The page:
Background image
Image by Stefan Schweihofer from Pixabay

What is it like to be a doctoral student?

When I was searching for Ph. D. programs, I basically knew three things: during my program, I will take courses, do research, and teach or assist faculty members to get funding if I’m lucky. I was pretty fuzzy on the details. For anyone who’s considering applying for a doctorate degree, the specifics can make a difference. To give you guys a better taste of what it’s like to be a doctoral student, I’ll describe my academic routine over the past 4 years. One post won’t be enough to cover every nuance, so I am planning to write a series of articles expanding on each aspect of graduate life and update this article with the links to those posts

My program is in Educational Psychology (social science nerd here), and my university is huge (think over 60,000 students). I got my Master’s as I was working toward Ph. D. (my program accepted me with a B.A. degree). The specific flow and requirements of doctoral programs largely depend on:
- University policies
- College and departmental policies
- Program policies
- Your field of study

Some of my experiences may not directly apply to your program. Nevertheless, I hope that the info in this post will help demystify the general Ph. D. milestones..

With this in mind, let’s begin!

My program requirements and policies:
- 30 credit hours for M. A.
- 57 hours for Ph. D. after Master’s; 87 after Bachelor’s
- M. A. courses are counted towards Ph. D. requirements, but the hours are not
- Available sources of funding:
--- Teaching Assistantship (TA)
--- Research Assistantship (RA)
--- Fellowship

Yeat 1 activities and funding

Let’s start with funding. I consider myself lucky to have landed a fellowship in the first year. I had to complete some paperwork when I was applying for the program and was chosen as one of the fellowships recipients. If I hadn’t received a fellowship, I would have probably been assigned a TA position. The fellowship covered all tuition (read: I didn’t have to pay a penny for courses and some university services) and a stipend. The stipend was about $1,200, which was enough to rent a room, buy food and other essential stuff, and even save some money (keep in mind that I don’t have dependants, am rather frugal and don’t have a car). I was covered for the entire year (Fall, Spring and Summer semesters). This is important because TAs and GAs in my program tend to cover only Fall and Spring semester, meaning you have to find summer funding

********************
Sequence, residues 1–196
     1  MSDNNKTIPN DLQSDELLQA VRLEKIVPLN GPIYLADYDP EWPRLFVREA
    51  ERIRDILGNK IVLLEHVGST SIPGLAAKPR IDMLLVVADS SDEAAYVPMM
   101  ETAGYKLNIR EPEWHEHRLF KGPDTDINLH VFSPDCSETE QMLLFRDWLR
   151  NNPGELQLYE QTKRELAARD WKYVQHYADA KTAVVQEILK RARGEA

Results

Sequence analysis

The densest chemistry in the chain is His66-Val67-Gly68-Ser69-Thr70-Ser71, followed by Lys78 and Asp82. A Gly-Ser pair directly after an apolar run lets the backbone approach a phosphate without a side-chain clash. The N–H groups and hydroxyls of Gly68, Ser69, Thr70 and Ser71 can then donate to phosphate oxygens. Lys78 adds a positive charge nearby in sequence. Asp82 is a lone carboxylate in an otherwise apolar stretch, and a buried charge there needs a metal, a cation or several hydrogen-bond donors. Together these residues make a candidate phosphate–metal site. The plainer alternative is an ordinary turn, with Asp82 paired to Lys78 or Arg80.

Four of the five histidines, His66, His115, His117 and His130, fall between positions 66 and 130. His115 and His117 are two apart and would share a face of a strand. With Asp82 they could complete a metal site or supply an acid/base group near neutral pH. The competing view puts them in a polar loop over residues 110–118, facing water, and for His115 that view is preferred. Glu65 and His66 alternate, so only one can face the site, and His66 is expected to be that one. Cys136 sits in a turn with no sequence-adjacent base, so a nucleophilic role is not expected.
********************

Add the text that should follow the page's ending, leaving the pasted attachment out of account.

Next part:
International student advice:
Always make sure you know how many semesters are covered for by your funding, whether you need to search for extra funding for summer, and what the credit hours requirements are for international students in your program (especially in summer, especially if you have a fellowship! If you are on an F-1 visa, getting a job to pay the bills, especially off-campus, is really hard. If your university has an office of international affairs or some kind of international student center, they should know this information.

Now, my fellowship required me to be enrolled in 12 credit hours. A typical semester-long course is 3 credit hours, so I was supposed to take 4 courses. My adviser recommended taking 3 courses and one independent study course to make sure I do not overwhelm myself considering I had just moved to the US. The independent study course consisted of reading research articles, participating in a study conducted by my adviser and developing a conference presentation based on the results. It may differ based on the approach of your adviser/instructor.

I took a seminar where we talked about what graduate/academic life is like - an intro to the academic world, if you will. We mostly had discussions, posted questions on a discussion board each week, and did short readings. The second was an introductory statistics course because I knew absolutely nothing about statistics. I spent 5 hours each week reading the textbook to understand every concept, mostly because the textbook was written poorly (most stats textbooks are) and I had zero prior knowledge. The third course was my major-specific requirement, where we were taught basic concepts related to the major theories in the field, read a textbook and sometimes research articles, and discussed things. Discussion-based classes are common in my field. In my Russian undergrad, I was lectured to death in almost every class, so having discussions felt new and weird. So did the lack of final exams and the written format of the few exams we did have.